Lipid molecules are the building blocks of all cell membranes and provide essential secondary metabolites. The central nervous system is enriched in polyunsaturated fatty acids (PUFAs): arachidonic acid (AA) and docosahexaenoic acid (DHA). During brain development, PUFAs play a critical role in determining neuronal structure, particularly axonal outgrowth. In mammals, AA and DHA cannot be synthesized de novo and must be obtained largely from dietary sources. Moreover, during pregnancy and lactation, fetuses and infants rely on PUFAs from their mothers through the placenta and breast milk, respectively. Thus, the maternal diet needs to contain an appropriate omega-3/omega-6 PUFAs ratio to help child development. Based on these premises, we investigated the consequences of maternal malnutrition, defined as a shifted dietary ratio of omega-3 or omega-6 PUFAs on the brain of the offspring. In particular, we modeled human relevance by manipulating both the content and time of daily diets, with a keen focus on endocannabinoid (eCB) system given the critical roles of this AA-derived neuromodulator system during pre- and postnatal brain development. In the first approach of this project we fed female mice with hypercaloric diets, rich in omega-3 or in omega-6 PUFA, for two (short-term diet) or nine weeks (long-term diet) before mating and during gestation. We found that, levels of endocannabinoids (AEA, 2-AG) and AEA-like mediators (PEA, OEA) did not change with short-term diet in pregnant dams. Moreover, only omega-3 diet induced a significant increase of 2-AG levels, after long-term protocol. In embryos, we found that the short-term exposure of two weeks of omega-3 and omega-6 diet feeding is already sufficient to allow alteration of endocannabinoid system, especially FAAH and CB1R. In fact, in female embryos, we found down-regulation of CB1R and increase of FAAH after treatment with both diets. Interestingly, both enzyme and receptor levels are normalized after high-fat diet administration for a long period, where AEA levels were found decreased. By contrast, in males the alterations found in CB1R after the shorter protocol persist also after the prolongation of the treatment. In line with this, these data suggest a relationship among AEA, CB1R and FAAH, and an important link between PUFAs and endocannabinoid system. The second approach of this project was based on the administration of isocaloric diets, different in omega-3 levels but not in omega-6 PUFAs throughout gestation and until adulthood. We discovered that during gestation, not only the increase but also the decrease of omega-3 levels markedly affected the eCB system in the hippocampus of embryos. Furthermore, our in vivo results strongly suggest that omega-3 diets enriched and deficient affect the principal presynaptic marker in embryonic hippocampus but not in adult, where maternal malnutrition leads to long-term behavioral alterations in adult rats characterized by the presence of recognition memory deficits. As a whole, the second approach of this study supports our hypothesis about a relationship between PUFAs and the endocannabinoid system and provides further evidence on the importance of omega-3 PUFA on hippocampal development and functioning. All together, our results suggest that changes in dietary omega-3/omega-6 PUFAs ratio during gestation affect the endocannabinoid system in the brain of the offspring and the major effects of diets are present at the beginning of the treatment (i.e during gestation). Moreover, these data suggest that not only lipids but also fat can have a role in these changes.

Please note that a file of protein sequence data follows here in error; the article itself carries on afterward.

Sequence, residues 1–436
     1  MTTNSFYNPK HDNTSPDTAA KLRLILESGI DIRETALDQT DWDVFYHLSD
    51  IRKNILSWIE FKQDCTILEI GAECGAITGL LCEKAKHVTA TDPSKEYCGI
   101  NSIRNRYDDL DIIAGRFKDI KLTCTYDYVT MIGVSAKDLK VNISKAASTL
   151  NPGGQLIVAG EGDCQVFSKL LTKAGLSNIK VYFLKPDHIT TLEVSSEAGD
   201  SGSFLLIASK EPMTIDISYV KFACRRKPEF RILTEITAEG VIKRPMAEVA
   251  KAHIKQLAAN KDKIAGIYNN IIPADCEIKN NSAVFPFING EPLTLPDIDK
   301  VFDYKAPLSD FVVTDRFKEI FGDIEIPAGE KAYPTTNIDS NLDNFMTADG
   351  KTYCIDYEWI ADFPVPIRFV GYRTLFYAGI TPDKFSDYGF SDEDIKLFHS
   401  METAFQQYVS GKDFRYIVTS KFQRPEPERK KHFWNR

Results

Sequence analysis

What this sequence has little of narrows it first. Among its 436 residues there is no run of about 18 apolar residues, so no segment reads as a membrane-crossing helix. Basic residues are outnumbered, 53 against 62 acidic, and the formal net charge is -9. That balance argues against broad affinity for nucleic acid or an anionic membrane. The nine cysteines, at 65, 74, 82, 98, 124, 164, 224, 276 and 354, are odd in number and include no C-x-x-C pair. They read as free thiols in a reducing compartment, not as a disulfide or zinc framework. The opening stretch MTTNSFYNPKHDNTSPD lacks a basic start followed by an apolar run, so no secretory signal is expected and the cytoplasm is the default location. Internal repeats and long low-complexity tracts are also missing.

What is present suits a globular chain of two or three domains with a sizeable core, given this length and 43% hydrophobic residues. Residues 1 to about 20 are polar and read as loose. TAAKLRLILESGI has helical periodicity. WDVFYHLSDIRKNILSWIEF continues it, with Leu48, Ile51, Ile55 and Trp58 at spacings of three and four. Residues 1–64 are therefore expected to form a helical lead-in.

Effect of hypercaloric and isocaloric diets different in fatty acid content on the endo cannabinoid system in pregnant dams and their offspring / Cinquina, Valentina. - (2015).

Effect of hypercaloric and isocaloric diets different in fatty acid content on the endo cannabinoid system in pregnant dams and their offspring.

Cinquina, Valentina
2015-01-01

Abstract